Guests are served food for thought at Hunger Banquet
“In the next few weeks, there is going to be a lot going on,” said Jamie Gold, assistant professor in the MVC Non-Profit Leadership Alliance. “Graduation parties, prom and picnics to kick off summer. We’re going to be grilling brats and burgers and dogs. We’ll be making potato salad and pasta salad. We’re going to fill that cooler up with soda and assorted beverages. We’ll go for seconds ... and eat until we’re uncomfortable. It’s times like those that it’s tough to consider that one in five children in ... Marshall experiences food insecurity.”
Gold went on to explain food insecurity as a lack of consistent access to enough food for an active and healthy life, setting the scene for the dining experience guests were about to find themselves in Thursday, April 26, during the 2018 Hunger Banquet, hosted by Marshall High School’s SAFE program and Missouri Valley College National Leadership Alliance.
Fifty guests entered the high school doors Thursday evening, where they were greeted at a table. There, guests drew a card, which determined where they would be seated for the night. Each card had a back story on it, explaining the guest’s lifestyle. For some, they were ushered to a fine dining area, complete with cloth napkins, candlelight, glass china and an evening of luxury. For others, they were escorted to an area that reflected that of a middle class citizen. They were shown to a table donning a plastic table cloth, plastic cups and paper plates – a table that a lot of people in the area could easily relate to.
For the rest of the diners, however, they were told to sit in an area of empty tables, sporting only a pitcher of water and Kool-Aid, along with paper cups and plastic forks.
“Each of you tonight, as you walked in, drew a card out of a basket,” Gold explained. “Each of you has a different scenario. I’m going to enlighten you on one another’s situations.”
MHS Coach Jason Varner stood up and read his card out loud. He read the scenario of the guests sitting at the lower class tables.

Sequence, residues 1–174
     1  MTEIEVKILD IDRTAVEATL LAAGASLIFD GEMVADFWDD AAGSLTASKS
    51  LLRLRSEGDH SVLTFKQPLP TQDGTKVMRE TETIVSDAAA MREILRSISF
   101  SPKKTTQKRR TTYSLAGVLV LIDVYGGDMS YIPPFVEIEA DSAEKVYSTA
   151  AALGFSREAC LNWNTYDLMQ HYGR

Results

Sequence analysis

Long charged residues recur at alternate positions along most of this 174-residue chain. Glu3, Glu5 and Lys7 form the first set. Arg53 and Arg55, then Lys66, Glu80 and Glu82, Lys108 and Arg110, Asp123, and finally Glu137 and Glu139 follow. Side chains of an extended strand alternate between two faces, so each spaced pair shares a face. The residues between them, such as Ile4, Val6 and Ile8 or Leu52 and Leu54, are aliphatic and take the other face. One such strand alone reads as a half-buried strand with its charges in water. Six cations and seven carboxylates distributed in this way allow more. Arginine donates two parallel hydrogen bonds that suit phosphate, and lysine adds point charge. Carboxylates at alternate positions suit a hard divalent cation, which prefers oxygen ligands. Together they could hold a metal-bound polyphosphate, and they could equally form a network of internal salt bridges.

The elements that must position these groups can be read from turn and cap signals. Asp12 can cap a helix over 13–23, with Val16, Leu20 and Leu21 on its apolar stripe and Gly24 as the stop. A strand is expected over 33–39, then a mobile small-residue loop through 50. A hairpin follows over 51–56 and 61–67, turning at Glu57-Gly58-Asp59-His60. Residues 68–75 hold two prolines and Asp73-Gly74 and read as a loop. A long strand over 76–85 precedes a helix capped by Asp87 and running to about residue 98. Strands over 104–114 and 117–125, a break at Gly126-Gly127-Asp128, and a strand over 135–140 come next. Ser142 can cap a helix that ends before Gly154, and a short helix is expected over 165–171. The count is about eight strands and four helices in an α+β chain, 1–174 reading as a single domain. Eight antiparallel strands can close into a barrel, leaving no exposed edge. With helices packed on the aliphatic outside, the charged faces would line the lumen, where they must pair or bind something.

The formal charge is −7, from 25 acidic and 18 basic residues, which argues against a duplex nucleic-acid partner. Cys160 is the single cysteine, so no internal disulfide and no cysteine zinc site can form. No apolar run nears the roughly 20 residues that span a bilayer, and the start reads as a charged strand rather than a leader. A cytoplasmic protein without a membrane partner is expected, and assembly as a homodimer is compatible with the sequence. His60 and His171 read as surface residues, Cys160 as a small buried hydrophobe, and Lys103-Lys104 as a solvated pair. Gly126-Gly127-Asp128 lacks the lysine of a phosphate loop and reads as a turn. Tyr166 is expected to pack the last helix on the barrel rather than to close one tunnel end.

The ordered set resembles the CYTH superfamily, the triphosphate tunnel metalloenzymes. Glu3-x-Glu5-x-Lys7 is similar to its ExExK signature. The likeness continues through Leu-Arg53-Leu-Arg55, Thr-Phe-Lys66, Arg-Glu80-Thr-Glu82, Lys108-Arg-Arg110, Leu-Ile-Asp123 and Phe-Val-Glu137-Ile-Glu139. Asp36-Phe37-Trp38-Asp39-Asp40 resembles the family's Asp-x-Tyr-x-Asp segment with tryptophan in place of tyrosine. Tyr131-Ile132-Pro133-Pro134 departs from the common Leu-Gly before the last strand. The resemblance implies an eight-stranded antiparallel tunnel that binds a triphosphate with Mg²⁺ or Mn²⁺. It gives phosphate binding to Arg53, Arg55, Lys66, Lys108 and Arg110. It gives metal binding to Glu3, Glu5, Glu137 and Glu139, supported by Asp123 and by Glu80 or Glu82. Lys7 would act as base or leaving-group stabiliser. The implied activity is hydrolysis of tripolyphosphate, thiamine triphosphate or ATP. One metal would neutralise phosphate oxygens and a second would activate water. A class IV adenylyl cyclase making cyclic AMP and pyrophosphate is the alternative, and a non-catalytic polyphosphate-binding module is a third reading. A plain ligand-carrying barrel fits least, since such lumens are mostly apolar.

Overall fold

“You live in a rented two-bedroom apartment with your single mom and three siblings,” he said. “Your mom works full time and is gone a lot. You’re responsible for finding something to eat for yourself and your siblings in the evenings before she gets home. Your mom has SNAP benefits (food stamps) and they usually run out by the end of the month, especially if your mom buys fresh fruit, vegetables or meat. You sometimes struggle to find enough to eat for everyone in your family, and feel hungry. Tonight you are excited because your mom picked up some things at the food pantry.”
Guests who chose the same card as Varner dined on a meal that consisted of a few peaches, a loaf of bread and butter, a small, once frozen, pot pie and a small snack cake.
Lindsey Parton, an MPS district social worker, was next to read her red card out loud. She read a scenario from the middle class tables.
“You live in a three-bedroom home with your mom and dad and sister,” she said. “Your family owns the home. Your parents both work full time. Your mom is a cook in a nursing home and your dad is an auto mechanic at a local repair shop. Your family makes too much money to receive any food assistance, but money sometimes is tight, especially around the holidays and when there are extra expenses, like medical, car or home repairs. Your parents usually cook something in the evenings. It’s a real treat when you get to go out to a restaurant, or have something special at home like steak. Tonight you are having one of the family’s go-to meals.”
Diners who chose the same card as Parton shared a large pan full of pasta, a small salad, garlic bread and a cupcake.
As the final card was read out loud, audience members were given a small glimpse of what luck could have handed them.